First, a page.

3 April 2000, Sao Paulo, Brazil

Jose dos Santos and his son, Jose, were touring the animal cages during a break interval of a performance by the Vostok Circus in the northeastern city of Recife. Inadvertently, they approached too close to a cage. The six-year-old boy was pulled from his father by a lion (Panthera leo) and into a cage with four other lions in front of hundreds of spectators inside the tent. As the lions devoured the boy, police arrived on the scene and in an attempt to scare the animals away, sprayed the top of the cage with machine gun fire, wounding two bystanders with bullet fragments in the process. The boy’s body was recovered several hours later when police officers shot four of the five lions dead. A circus worker indicated that the lions had not been fed in five days. Police are investigating to establish whether the circus owners breached safety regulations by allowing the public to walk directly up to the cages. The lion tamer has been charged with manslaughter.

4 August 2000, San Simao, Brazil

Six circus lions (Panthera leo) were being housed at the zoo after local authorities determined that the lion’s traveling cages were not sufficiently secure. After escaping from their cage at the zoo, the lions roamed this town in southeastern Brazil until they were shot and killed by police firing machine guns and shotguns.

12 August 2000, Boise, Idaho

While the zoo manager of Zoo Boise was conducting an unscheduled behind the scenes tour of the Amur tiger exhibit, a tiger (Panthera tigris altaica) escaped through an open cage door. The tour occurred during the zoo’s 12th annual “Feast for the Beast” fundraiser. As the tour group entered the building, they lined up against the wall of the keeper service hallway. Friends of Zoo Boise board member, Jan Gould, who was located at the end of the line, was attacked by the tiger that pinned her by the head and shoulders. Sergeant Rich Schnebly of the Boise Police was accompanying the group and attempted to distract the tiger with a thrown bucket. When this failed, he fired his pistol three times, finally forcing the cat back into the cage and allowing the door to be closed. However, in the process of firing his sidearm, one of the shots ricocheted and struck Ms. Gould in the leg. She was then transported to Saint Alphonsus Regional Medical Center for treatment of the gunshot wound and lacerations of the head, neck, and shoulders. Zoo Boise veterinarians and staff members sedated and thoroughly examined the tiger and found no evidence of injury or gunshot wounds.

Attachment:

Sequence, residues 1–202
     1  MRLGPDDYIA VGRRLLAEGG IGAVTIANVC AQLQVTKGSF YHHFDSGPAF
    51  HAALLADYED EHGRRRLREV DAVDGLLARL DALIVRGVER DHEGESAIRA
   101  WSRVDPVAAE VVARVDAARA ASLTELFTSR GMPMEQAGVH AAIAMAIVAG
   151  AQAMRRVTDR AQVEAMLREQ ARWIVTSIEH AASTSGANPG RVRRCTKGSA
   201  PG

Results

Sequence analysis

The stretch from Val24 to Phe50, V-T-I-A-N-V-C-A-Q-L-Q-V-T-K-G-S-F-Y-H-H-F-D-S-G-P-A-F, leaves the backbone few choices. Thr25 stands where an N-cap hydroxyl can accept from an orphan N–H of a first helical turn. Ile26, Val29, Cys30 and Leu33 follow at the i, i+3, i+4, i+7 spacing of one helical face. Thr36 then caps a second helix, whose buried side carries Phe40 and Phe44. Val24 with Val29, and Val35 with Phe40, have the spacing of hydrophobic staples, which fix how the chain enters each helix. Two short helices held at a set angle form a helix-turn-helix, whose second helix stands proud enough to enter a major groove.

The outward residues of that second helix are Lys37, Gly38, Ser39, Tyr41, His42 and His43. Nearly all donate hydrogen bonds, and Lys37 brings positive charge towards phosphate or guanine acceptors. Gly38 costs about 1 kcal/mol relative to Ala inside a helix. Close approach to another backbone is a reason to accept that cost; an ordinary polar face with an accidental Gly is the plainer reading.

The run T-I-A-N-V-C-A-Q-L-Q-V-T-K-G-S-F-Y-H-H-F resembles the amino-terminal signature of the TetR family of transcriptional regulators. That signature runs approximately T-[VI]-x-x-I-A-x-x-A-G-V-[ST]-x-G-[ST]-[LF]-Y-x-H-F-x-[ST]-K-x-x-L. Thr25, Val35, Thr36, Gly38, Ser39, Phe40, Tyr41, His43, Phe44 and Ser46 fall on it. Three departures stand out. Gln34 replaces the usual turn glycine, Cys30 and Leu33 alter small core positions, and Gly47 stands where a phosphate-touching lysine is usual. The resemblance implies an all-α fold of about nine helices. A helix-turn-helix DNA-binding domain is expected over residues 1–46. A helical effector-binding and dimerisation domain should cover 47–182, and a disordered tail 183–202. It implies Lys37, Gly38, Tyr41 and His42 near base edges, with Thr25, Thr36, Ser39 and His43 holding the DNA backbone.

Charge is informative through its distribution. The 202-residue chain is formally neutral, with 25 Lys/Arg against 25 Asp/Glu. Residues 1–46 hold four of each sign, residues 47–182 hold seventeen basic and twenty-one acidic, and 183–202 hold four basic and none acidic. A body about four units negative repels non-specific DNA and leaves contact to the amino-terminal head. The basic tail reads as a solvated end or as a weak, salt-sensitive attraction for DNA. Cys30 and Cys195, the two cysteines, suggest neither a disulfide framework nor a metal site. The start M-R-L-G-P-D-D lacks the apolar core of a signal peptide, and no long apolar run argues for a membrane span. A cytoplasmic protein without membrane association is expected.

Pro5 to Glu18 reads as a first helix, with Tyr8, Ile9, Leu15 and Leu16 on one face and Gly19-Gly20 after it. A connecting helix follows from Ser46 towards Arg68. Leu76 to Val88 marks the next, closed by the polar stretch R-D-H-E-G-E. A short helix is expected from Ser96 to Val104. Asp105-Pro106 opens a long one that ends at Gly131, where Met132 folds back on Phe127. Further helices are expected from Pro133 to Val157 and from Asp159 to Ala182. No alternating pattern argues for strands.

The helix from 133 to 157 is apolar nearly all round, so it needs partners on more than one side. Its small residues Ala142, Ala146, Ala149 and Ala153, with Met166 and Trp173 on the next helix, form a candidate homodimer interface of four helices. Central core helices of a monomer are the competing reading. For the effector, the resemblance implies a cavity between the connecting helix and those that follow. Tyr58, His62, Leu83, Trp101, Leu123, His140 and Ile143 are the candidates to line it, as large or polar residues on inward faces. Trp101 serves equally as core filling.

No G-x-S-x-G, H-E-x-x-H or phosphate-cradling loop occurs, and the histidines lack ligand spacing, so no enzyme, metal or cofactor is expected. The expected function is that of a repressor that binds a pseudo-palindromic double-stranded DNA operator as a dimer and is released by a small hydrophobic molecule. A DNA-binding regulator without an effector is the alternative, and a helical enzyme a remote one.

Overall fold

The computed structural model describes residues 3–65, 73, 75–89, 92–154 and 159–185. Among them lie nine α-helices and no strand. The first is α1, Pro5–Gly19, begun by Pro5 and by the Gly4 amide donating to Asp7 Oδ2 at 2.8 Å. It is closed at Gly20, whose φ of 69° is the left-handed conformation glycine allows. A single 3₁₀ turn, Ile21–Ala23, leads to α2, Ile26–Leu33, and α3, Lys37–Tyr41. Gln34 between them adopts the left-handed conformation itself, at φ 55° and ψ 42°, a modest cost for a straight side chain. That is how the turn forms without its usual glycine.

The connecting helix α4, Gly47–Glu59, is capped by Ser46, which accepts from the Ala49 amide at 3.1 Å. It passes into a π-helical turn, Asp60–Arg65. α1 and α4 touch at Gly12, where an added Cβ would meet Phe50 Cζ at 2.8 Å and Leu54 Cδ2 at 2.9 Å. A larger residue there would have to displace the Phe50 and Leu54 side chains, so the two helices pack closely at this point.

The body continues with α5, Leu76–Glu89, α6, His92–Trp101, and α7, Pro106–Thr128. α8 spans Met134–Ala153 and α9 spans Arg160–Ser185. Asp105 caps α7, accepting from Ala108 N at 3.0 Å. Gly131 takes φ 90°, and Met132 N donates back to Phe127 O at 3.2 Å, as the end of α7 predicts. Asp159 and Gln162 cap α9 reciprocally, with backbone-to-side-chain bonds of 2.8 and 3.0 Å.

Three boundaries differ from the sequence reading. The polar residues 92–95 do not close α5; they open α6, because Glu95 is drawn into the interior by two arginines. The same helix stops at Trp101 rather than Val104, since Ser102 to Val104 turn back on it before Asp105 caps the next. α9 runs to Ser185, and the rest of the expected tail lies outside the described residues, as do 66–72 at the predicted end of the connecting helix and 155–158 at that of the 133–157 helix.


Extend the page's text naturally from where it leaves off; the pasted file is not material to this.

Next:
To review, four of the events involve dangerous animals (felids), police, and firearms usage. In three of the events, people were either injured or killed. And, in all cases there was a questionable tactical use of firearms, not only in application, but the types of firearms that were utilized during the situation.

Event Resolution

In light of the aforementioned events, it is clear that zoologic facilities and wildlife managers should take preemptive measures. The threat potential for human injury or mortality in the process of resolving a crisis management situation is present. As a result, it is recommended that animal professionals factor into their emergency contingency plans and scenario-based drills the following points to facilitate an effective resolution to a crisis event involving dangerous animals and the use of firearms:

  • Veterinarians inherently have a higher degree of medical knowledge than other staff members in a zoologic institution. It is also likely that the veterinarian and their medical staff will be involved in a crisis event. As a result, the veterinary staff would be the logical choice for training in first responder treatment in CPR and emergency first aid, such is offered by the American Red Cross.
  • A dialogue should be developed between veterinary professionals and medical providers who have experience in the treatment of gunshot injuries, violent trauma, and triage techniques. This exchange of information would be applicable not only in isolated cases, but invaluable in the event of a natural disaster, due to the potential for widespread human and veterinary casualties.
  • Major cities worldwide indicate that they are experiencing problems in first responder times due to urban growth, call loads, and associated traffic problems. All of which lengthen response times to the incident site and could jeopardize survival of critically injured parties. Facilities that do not maintain emergency medical technicians (EMTs) on staff should consider sending a member of the veterinary staff through a recognized and certifying emergency medical technician course.
  • Trauma equipment kits for human usage should be maintained in multiple locations throughout a facility, with special emphasis on access for the veterinary staff. Kits should offer treatment options for a wide range of injuries but focus on severe trauma treatment. To date, the best examples for zoo usage are produced by Zee Medical and Certified Safety Manufacturing (CSM).